Thomas Piketty and the great inequality debate: The Ayn Rand response

Guy Bentley
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Atlas Shrugged was published in 1957 (Source: Getty)

After weeks of debates and reviews Thomas Piketty's Capital in the Twenty First Century is still a subject of fierce controversy and currently ranks 17 on the Amazon bestseller list.

Piketty's argument that the rate of return on capital in capitalist economies tends to be higher than the growth rate, leading to a concentration of wealth and growing inequality, has been subjected to meticulous scrutiny.

As have his policy prescriptions of a global tax on capital to reduce inequality. One of the most prominent figures who would stand in opposition Piketty's views is not an economist but a philosopher and novelist - Ayn Rand.

Best known for her works the Fountainhead and Atlas Shrugged, Rand's message of uncompromising individualism and laissez faire capitalism are about as far way from Thomas Piketty as could possibly be imagined.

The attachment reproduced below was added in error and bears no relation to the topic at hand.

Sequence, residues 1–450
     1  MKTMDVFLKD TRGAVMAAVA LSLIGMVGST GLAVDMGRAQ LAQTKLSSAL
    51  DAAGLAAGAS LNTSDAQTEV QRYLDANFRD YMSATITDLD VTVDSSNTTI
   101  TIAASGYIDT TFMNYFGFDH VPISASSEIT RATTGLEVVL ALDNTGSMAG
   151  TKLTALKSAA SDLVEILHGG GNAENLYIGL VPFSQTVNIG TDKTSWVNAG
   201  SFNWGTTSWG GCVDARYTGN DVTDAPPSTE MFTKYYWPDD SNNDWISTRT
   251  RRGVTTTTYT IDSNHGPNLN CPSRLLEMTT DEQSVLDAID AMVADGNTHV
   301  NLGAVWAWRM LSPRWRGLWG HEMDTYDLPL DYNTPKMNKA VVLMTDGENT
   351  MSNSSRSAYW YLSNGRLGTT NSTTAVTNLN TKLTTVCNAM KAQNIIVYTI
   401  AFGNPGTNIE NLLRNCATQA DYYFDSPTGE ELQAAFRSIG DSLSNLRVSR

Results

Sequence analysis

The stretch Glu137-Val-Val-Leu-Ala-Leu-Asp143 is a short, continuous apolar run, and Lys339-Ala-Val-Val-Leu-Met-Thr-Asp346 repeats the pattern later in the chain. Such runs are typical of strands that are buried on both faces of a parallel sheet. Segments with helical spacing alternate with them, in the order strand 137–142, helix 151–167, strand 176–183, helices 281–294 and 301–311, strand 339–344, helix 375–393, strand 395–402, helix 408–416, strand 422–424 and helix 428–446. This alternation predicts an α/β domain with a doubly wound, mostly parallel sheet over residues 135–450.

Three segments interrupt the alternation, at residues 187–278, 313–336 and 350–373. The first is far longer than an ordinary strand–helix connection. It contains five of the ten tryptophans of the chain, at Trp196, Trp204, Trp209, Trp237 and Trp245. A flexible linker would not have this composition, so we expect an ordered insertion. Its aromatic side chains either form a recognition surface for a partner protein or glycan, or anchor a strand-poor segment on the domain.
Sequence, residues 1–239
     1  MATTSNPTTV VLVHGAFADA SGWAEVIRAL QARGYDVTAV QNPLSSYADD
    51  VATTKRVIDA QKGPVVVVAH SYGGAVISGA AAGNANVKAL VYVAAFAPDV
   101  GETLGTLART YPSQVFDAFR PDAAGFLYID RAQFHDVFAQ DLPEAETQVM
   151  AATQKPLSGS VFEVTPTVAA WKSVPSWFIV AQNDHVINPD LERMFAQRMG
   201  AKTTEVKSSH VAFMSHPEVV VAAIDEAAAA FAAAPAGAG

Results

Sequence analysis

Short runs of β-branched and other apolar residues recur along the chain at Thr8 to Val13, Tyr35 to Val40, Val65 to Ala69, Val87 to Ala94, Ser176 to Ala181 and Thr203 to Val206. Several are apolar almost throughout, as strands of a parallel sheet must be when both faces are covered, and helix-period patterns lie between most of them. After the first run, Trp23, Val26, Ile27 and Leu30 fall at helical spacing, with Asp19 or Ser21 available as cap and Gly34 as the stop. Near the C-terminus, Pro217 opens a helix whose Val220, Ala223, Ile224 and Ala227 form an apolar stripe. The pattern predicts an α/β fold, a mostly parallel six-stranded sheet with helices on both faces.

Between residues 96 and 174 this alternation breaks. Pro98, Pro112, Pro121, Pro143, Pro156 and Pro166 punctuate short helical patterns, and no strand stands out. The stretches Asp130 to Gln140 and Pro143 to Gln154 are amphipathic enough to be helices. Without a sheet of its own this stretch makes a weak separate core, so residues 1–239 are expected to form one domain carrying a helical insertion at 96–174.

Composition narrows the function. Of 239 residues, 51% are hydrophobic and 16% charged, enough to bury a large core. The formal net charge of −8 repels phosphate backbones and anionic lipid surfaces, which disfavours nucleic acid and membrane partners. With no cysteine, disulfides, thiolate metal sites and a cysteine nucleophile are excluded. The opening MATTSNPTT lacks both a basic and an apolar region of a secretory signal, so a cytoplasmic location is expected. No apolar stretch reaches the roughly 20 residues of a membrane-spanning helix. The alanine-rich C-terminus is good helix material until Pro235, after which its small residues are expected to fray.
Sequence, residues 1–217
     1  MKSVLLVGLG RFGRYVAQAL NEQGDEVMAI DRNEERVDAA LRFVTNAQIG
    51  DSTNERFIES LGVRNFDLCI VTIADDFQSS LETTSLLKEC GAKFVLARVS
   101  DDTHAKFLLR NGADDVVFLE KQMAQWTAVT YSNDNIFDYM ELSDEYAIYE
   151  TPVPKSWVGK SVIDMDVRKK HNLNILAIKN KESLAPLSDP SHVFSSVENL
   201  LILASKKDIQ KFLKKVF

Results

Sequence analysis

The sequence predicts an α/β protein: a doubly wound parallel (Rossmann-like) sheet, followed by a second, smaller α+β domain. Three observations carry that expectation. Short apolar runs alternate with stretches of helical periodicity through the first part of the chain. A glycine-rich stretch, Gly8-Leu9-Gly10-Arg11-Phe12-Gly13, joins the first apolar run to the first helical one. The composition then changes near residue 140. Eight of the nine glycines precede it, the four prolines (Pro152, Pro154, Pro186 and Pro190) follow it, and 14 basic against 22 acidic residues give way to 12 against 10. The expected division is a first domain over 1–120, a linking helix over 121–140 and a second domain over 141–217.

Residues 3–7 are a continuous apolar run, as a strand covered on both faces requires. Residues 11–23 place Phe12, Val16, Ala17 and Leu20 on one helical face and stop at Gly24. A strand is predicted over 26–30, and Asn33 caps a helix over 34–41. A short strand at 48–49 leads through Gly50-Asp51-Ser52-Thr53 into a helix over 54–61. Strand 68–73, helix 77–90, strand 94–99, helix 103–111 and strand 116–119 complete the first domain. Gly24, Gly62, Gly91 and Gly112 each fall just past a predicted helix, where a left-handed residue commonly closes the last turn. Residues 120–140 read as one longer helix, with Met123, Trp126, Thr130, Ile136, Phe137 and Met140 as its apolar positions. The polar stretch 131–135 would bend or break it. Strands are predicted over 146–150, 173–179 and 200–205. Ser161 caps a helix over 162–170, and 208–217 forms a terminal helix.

One of the world's leading advocates of Ayn Rand's philosophy, Dr Yaron Brook, gives an Objectivist response to Capital in the Twenty First Century.

Who was Ayn Rand and what were the ideas she advocated?

Ayn Rand fundamentally is a philosopher. She believes reality is what it is, that we have the capacity to know reality through reason, we don’t know reality through revelation or our emotions. Her ethics is based around this idea of the individual. You need reason in order to thrive as an individual and morality is what guides you to a flourishing successful life.

She is an egoist in ethics and rejects the idea of altruism, the idea that ethics is to serve other people and be selfless, she believes you should be selfish in the rational long term sense. Morality and reason are about the individual and the one thing that can attack the individual, destroy individual success and individual reason is force.

She believes that when we come into society what we need is a mechanism to extract coercion from society, so each one of us can strive to live the best lives we can. She believes in a government with a police, military and judiciary but no redistribution of wealth and no regulations.

Is Piketty's economic analysis correct?